For the moment No Man's Sky holds the title for the biggest launch on Steam of 2016. 212,620 people were playing it simultaneously on launch day, according to Steam Stats, putting it far ahead of everything else to come out this year. But it's subsequently suffered a tremendous fall-off, shedding 88 percent of its concurrent user count in less than two weeks. That sounds like a lot, but is it?
If you look at this Reddit discussion of No Man's Sky's decline, you'll see plenty of eager grave dancing. One poster notes that even the infamous bomb Aliens: Colonial Marines “only” saw a concurrent user loss of 85 percent over its first month of release. "The only way to keep people playing at this point is to make it free," another poster said, claiming that he was bored after a single day; a third, riffing on the apparently-failed promise of being able to meet other players in space, added, "Players sure as heck aren't going to be running into each other now."
SteamSpy and SteamDB help us take a closer look at the data: No Man's Sky peak concurrent player count on August 11 was 212,604; on August 22, it was 25,689. Hourly concurrent players are similarly down, from a high of 127,224 on August 14 to 22,852 on August 23. That's a hell of a drop, but it comes with some caveats: It doesn't reflect the total population of the game but rather the number of people playing it simultaneously, and that measurement of intensity of interest is bound to drop as a game's newness wears off and players become less likely to sink 14 hours at a time into it.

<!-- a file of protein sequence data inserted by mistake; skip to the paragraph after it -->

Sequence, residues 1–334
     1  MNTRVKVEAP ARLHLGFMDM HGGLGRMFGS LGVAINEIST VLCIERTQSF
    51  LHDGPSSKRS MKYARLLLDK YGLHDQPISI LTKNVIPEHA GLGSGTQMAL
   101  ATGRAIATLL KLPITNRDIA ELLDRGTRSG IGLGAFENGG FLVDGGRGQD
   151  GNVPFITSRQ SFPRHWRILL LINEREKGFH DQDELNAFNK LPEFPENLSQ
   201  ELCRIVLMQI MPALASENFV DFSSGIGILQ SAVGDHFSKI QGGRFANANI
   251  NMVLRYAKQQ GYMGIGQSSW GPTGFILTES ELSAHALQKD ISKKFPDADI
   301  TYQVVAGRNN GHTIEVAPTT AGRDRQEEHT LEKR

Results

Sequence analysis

But compared to other, better-received recent releases, NMS may not be cratering as badly as it appears. Far Cry Primal, for instance, saw its peak player count slide 82 percent over its first month of release; Fallout 4 dropped by 74 percent; Doom fell by 85 percent; Battleborn slid by 82 percent; Stellaris dropped by 82 percent; even The Witcher 3: Wild Hunt, which we recently our Top 100 Games list, saw its peak player count slide by 71 percent during its first month of release. The hugely popular Metal Gear Solid V: The Phantom Pain slipped by an almost identical amount. One notable exception is Stardew Valley, which saw its peak user count slip by just 30 percent over its first month.
So although No Man's Sky has tailed off faster than other big games, it's not too far outside the normal decay that recent blockbusters seem to experience. Arguably it's a larger drop in concurrent players than you'd expect for a game that promised virtually endless hours of open-ended exploration— and all that. A single-player shooter with a ten-hour campaign is obviously going to see a more precipitous drop in its peak player count than an open-world RPG with 127 side quests waiting to be cleaned up. And that really speaks to what we found in : 45 hours of gameplay yielded 200 planets, 500 new species, and a dearth of interesting stories. When the core of your game is discovery, you'd better have some cool stuff to discover.
It's arguable that the huge launch of No Man's Sky made the corresponding fall-off inevitable, and it's also worth bearing in mind that none of this touches on the PS4 version of the game. But as a case study in hype, expectations, and disappointment, I have no doubt that we'll be talking about No Man's Sky, and its fallout, for a long time to come.